Wait. Okay, I did say that, but before that-- said I to myself "Self, it's been too long since you've written anything even remotely intellectualy on your blog, and isn't it about time you should change that?"
So I'm going to write something semi-serious about Dr. Horrible's Sing-Along Blog. (Cut for the courtesy of people who are sick of hearing about it.)
All right. Just so you know where I'm coming from: I really, genuinely enjoyed the whole series, even despite my embarassment squick almost getting triggered in Act I, and I think I'm one of the few people who isn't either completely shattered or utterly pissed off over the ending. This means that I might not be as hardcore of my criticism as I ought to be.
So, let's see, where to start. Probably would be a good place to start with Billy, because I think you can make a pretty good case that Billy is a Nice Guy (tm). Now, granted, he isn't explicitly whining that the universe owes him pussy because he's Such A Nice Person, Damn It. At the same time, however, I think it gets made pretty clear that one of his main motivations for trying to get into the Evil League Of Evil is so that he can impress Penny with his feats of villainy. (To me, this reads rather like "girls don't like nice guys like me, but assholes like Captain Hammer! So if I'm worse than him, I'll win her for sure!" More about this below.) I think the bridge of "Brand New Day" (sung right after he resolves to kill Captain Hammer to get into the ELE) makes this pretty explicit:
And Penny will see the evil me
Not a joke, not a dork, not a failure
And she may cry, but her tears will dry
When I hand her the keys to a shiny new Australia
This thread of the story conatins a tasty ironic center, of course-- Billy is too busy concentrating on his villainous plans that it simply doesn't occur to him that Penny might be a lot more attracted to somebody who's honest about himself despite his awkwardness . If he'd let go of his supervillain plans, gotten over his nervousness, and spent more time just talking to Penny (remember that Penny's waiting for Billy at the laundromat, with frozen yogurt no less, but Billy's standing her up because he's too busy working on his freeze ray to get rid of Captain Hammer, because as everyone knows, nothing wins a lady's heart more than killing her boyfriend), then things would've turned out probably happier for everyone. That's not to say that this kind of story doesn't have its own issues, but since that's now how Dr. Horrible turned out, those issues are something to save for another entry.
Now, Joss Whedon isn't lampshading that Billy is a Nice Guy. Rather, I think that what he's doing is something both more subtle and more hardcore than that. I think that Joss sets up the story so that by Act III, the audience is supposed to be sympathizing with Billy, hoping he'll become a supervillain, get the girl, and defeat the smarmy traditional hero. (This may be vastly at odds with your own personal feelings at this point in the show. Bear with me.) I think Joss might be counting on the audience putting themselves in Billy's position.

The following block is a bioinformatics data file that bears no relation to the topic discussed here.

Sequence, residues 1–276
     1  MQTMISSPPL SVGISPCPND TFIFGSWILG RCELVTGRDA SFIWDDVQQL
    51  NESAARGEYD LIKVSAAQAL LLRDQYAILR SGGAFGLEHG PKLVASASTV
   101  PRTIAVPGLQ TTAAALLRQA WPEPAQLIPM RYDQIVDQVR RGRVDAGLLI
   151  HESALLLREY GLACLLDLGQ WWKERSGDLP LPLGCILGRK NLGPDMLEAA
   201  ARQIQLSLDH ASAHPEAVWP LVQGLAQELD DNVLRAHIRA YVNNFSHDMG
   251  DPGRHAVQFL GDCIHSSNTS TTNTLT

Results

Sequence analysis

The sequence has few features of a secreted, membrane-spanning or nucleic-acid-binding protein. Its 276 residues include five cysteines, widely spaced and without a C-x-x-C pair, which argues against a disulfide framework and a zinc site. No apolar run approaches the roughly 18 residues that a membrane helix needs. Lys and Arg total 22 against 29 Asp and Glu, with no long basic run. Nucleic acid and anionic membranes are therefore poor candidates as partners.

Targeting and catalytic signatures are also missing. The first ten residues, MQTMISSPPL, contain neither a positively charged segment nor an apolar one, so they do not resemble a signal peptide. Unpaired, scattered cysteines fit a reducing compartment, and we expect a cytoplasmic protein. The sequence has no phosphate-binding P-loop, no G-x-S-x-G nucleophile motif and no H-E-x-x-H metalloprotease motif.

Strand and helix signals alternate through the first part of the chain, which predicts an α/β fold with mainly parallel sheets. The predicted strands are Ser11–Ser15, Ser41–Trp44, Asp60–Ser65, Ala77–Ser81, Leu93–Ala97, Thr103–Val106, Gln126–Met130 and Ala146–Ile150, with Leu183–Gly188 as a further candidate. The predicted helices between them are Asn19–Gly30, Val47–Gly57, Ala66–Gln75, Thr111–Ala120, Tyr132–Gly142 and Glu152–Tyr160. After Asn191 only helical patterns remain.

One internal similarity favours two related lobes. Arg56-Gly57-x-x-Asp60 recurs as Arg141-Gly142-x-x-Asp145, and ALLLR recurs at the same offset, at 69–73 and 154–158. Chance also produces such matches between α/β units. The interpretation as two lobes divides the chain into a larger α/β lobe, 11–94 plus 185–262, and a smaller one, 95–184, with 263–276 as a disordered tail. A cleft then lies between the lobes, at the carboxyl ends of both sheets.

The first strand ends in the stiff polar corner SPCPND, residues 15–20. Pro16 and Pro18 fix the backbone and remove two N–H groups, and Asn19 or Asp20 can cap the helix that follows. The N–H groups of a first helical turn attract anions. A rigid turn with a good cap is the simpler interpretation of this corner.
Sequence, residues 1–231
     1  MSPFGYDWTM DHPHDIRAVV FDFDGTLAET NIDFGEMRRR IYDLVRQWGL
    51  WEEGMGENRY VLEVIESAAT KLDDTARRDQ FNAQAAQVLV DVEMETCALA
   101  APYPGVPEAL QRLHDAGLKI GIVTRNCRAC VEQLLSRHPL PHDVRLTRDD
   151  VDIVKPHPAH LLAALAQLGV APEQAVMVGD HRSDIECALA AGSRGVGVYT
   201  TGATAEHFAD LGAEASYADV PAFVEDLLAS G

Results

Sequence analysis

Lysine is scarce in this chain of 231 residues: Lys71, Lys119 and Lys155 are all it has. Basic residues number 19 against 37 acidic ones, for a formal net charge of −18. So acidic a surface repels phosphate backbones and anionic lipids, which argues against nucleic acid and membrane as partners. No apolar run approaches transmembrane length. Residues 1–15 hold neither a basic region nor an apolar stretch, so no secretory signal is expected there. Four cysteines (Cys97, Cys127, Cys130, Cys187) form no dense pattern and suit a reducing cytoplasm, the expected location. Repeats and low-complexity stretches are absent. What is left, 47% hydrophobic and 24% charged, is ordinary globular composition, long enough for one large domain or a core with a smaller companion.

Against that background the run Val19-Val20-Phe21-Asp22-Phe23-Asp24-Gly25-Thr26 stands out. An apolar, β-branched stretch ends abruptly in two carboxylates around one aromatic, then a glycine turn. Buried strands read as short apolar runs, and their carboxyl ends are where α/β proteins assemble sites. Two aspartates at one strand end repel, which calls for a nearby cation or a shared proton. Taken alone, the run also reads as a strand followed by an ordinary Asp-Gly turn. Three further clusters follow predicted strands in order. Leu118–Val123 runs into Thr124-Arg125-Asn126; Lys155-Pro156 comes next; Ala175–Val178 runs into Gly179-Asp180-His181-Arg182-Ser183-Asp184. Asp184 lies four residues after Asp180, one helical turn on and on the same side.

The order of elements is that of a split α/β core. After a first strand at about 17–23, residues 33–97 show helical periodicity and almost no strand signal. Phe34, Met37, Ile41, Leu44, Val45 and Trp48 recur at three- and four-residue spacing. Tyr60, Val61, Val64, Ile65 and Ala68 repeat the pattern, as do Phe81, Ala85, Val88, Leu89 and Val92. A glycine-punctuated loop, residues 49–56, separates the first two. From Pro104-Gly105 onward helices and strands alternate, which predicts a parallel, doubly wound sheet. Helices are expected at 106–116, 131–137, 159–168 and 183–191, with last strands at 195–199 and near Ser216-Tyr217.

And so, how does Joss end the show? Well, like he said himself: "Dr. Horrible got everything he wanted. Billy didn't." Dr. Horrible is a solid member of the Evil League of Evil; Billy is completely alone and emotionally broken, because Penny is dead as a result of his own actions. And the way I read this is that Joss is sort of hitting us in the face with a clue bat -- saying "Being evil doesn't get you the girl, being evil just makes you evil!"
That's how I look at it, at least.
As for the criticisms of Penny's character: A lot of people on the Internet seem to think that those who criticize her characterization are a bunch of anti-fun harpies who shoehorn feminist issues into every little thing they encounter because they want to make everyone feel guilty and awful. And the way I see it, that's nowhere near the truth -- I think the people who criticize Penny for being a one-dimensional character (an idealized female image who basically exists only as a prize for the two male main characters to dickfight over, shows very little agency of her own, and who dies at the end only to manipulate the emotions of the audience) have a valid point. I'm still not sure whether I agree with the point wholeheartedly, but it's a point that deserves some serious thought.
And nobody's saying that Penny's characterization means that Joss Whedon is a big ol' meanie sexist who's never done anything good ever in his life and probably kicks puppies; what I see them saying is "We've seen this shit ten thousand times before, and it's way beyond getting old now." Which, when you get right down to is, is basically the same idea that drove the feminist responses to Laundrygate and Tentaclegate last year.
Finally, I've also read responses to Dr. Horrible that basically say that Joss Whedon doesn't know how to write endings. I disagree -- granted that I haven't seen too terribly much of Whedon's stuff, but from what I have seen (namely, Buffy and Firefly / Serenity, a lot of his stuff seems to end as "Riding off into the sunset, but at great cost." It's a happy ending, but it always comes with a sacrifice. With Dr. Horrible, though, we have the high cost, but Joss makes it very clear that this isn't a happy ending because of that cost. And I thought that was a nice touch, even though a lot of people seem to be feeling personally betrayed by it.